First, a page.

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  • N-400 and moving violation

    How do I fill out my N-400 after getting a traffic ticket at the roadside which I paid by mail?

    Do I say "yes" to "Have you EVER committed a crime or offense for which you were NOT arrested?"

    Was I detained, so that I need to send in the conviction record from the court?

    My M-477 must be old because it refers to qus. 1-15 in part 7 and qus. 1-5 in part 8, which makes no sense on the current N-400. Anybody know which questions it's really talking about?

    Thanks!

    -- Mark

  • #2
    How do I fill out my N-400 after getting a traffic ticket at the roadside which I paid by mail?

    Do I say "yes" to "Have you EVER committed a crime or offense for which you were NOT arrested?"

    Was I detained, so that I need to send in the conviction record from the court?

    My M-477 must be old because it refers to qus. 1-15 in part 7 and qus. 1-5 in part 8, which makes no sense on the current N-400. Anybody know which questions it's really talking about?

    Thanks!

    -- Mark

    Comment


    • #3
      Markc!

      A traffic violation is not a criminal offense and so you do not have to report it as such.

      If you look carefully at the N-400 form/instuctions, it is said therein that the applicant should list all arrests, charges, indictments and/or convictions either in the US or elsewhere, excluding traffic and parking violations.

      So you don't have a problem if all you are guilty of is a traffic offense. However, if you failed to pay the ticket you were given after the traffic violation. This could be considered as displaying a lack of Good Moral Character!

      Hence your N-400 application might be denied. I hope this helps. Good Luck!

      Comment


      • #4
        Thanks! Unfortunately, if you look at the new N-400s, you will see that they no longer say that you don't have to mention traffic violations. ):

        Comment


        • #5
          Whether or not the new N-400 states it, traffic violations are not criminal offenses, nor are they an arrest. Again, a good argument for hiring competent legal counsel before you make any more dumb mistakes in the naturalization process.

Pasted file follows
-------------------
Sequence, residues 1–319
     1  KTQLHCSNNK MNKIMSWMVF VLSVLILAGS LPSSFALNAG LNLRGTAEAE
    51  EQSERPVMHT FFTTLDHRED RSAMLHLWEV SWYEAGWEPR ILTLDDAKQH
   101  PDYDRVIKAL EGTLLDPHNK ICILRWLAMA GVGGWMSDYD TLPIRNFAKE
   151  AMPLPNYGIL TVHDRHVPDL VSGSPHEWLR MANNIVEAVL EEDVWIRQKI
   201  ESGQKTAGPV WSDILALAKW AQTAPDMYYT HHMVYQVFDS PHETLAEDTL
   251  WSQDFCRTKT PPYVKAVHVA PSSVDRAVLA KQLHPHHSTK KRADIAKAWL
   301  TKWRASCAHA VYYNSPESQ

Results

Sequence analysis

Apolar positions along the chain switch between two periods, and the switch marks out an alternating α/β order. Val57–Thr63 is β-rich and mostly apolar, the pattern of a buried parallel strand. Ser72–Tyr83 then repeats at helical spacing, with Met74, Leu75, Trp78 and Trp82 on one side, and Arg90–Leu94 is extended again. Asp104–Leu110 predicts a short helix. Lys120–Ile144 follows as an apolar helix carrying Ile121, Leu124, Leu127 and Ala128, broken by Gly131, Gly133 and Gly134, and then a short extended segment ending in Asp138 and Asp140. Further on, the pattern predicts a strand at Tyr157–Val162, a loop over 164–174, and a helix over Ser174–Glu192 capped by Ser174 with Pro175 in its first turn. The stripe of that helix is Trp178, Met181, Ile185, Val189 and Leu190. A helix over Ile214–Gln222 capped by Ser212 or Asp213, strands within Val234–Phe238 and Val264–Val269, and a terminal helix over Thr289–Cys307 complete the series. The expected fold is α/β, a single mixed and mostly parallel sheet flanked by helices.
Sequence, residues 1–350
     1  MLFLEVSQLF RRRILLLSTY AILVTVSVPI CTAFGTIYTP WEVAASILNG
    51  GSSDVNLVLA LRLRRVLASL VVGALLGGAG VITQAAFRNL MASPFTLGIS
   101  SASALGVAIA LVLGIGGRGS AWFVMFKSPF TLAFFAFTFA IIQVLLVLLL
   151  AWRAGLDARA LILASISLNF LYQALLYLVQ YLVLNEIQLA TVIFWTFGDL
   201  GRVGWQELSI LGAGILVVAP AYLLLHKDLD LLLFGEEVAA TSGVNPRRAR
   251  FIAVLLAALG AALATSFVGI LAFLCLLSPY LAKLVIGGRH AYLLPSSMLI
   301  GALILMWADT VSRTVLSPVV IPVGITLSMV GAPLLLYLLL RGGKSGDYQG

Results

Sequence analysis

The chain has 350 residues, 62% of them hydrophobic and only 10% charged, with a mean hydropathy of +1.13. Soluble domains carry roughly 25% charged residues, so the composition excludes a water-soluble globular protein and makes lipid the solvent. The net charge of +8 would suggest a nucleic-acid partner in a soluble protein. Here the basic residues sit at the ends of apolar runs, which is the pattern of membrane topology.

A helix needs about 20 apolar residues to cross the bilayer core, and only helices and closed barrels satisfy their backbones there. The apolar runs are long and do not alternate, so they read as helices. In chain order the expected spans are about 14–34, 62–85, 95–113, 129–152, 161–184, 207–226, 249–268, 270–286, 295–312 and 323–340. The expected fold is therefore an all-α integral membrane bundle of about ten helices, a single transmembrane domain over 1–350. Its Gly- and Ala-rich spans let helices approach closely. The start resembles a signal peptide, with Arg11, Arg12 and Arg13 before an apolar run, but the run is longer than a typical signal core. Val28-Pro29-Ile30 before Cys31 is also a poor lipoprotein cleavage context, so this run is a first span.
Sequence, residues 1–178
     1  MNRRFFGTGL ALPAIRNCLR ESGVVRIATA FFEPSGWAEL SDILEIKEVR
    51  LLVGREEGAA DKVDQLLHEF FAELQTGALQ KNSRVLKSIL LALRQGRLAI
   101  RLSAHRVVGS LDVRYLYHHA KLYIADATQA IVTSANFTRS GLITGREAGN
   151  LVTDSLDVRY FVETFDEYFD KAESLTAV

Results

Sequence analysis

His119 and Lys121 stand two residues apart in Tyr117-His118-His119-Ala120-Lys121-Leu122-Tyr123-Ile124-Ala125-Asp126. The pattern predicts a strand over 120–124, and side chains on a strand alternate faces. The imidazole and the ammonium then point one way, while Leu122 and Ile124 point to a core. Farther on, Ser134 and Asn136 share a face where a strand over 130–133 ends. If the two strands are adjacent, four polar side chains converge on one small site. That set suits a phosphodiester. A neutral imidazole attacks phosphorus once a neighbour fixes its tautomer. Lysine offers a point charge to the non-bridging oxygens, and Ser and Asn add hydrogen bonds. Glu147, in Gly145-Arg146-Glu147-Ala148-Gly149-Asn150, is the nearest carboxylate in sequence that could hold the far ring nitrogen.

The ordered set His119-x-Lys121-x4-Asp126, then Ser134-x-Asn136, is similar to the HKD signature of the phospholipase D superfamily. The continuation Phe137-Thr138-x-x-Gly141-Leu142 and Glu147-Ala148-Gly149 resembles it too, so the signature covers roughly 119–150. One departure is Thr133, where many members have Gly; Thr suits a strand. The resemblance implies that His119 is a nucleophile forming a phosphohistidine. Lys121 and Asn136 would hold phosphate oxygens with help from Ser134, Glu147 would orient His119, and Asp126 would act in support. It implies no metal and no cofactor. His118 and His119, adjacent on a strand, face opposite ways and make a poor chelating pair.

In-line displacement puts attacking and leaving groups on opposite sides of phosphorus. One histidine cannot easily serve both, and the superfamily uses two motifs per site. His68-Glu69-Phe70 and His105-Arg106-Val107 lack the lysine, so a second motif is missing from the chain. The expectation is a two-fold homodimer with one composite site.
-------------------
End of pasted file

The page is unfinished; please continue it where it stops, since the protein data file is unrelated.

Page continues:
Comment


          • #6
            It says, "crime *or* offense", not "criminal offense", and many states regard moving violations as some sort of offense - even "noncriminal", which often means that the only punishment is a fine. For instance, this was failure to control, in Ohio, which even the Ohio Bureau of Motor Vehicles list online as being an offense (conviction code 91). I hope this helps you see why I'm being careful here and asking around.

            "any more dumb mistakes"? What was the first? I haven't filled in part 10(D) of the N-400 in yet - I figured it was smart to stop for advice first, and will consult a lawyer if I have to.

            Comment


            • #7
              My wife has filled out the form N-400 and under "Good Moral Character" item #16 "have you ever been arrested?" checked no.

              She was notified that a fingerprint check revealed that indeed she had.

              About 10 years ago, she was arrested for an outstanding traffic ticket on one occasion and a minor shop lifting charge on another.

              The outstanding traffic ticket arrrest resulted in her spending a night in detension and was released the following morning. The shop lifting arrest resulted in a $200. fine which was paid.

              Since both incidents were resolved, she assumed that she had no record.

              She was instructed to bring the resolution paperwork to the next interview but we are unable to locate any records since most agencies only retain records for 7 years. We have tried computer type searchs with no success.

              Do you have any suggestions? Thank you for your response.

              Comment


              • #8
                I really wish I could help you! For the traffic offense, I'm guessing your local authorities don't list the event on her driving record because it's too old? If it's just a case of agencies not bothering to look, rather than them being certain they don't have anything, I suppose you might be able to file a Freedom of Information Act request - http://www.missouri.edu/~foiwww/citelist.html has some good links to those. If you can, then I'd start with whoever still had her fingerprints on file.

                It does raise the more general question of what to do when the INS require something that you simply can't provide. Hell, even what I wrote about how many days over the past five years I've spent outside the US, and other stuff like that, was guesswork - the records just don't exist. Can you at least get an official letter that confirms that the resolution paperwork no longer exists? (I hope it's at least clear which agency should have it if anyone does.) The written response to FOIA requests might suffice there - even if you go in with a bundle of official replies (FOIA or not) to your letters requesting such stuff, that has to count for something, I'd hope.

                Comment

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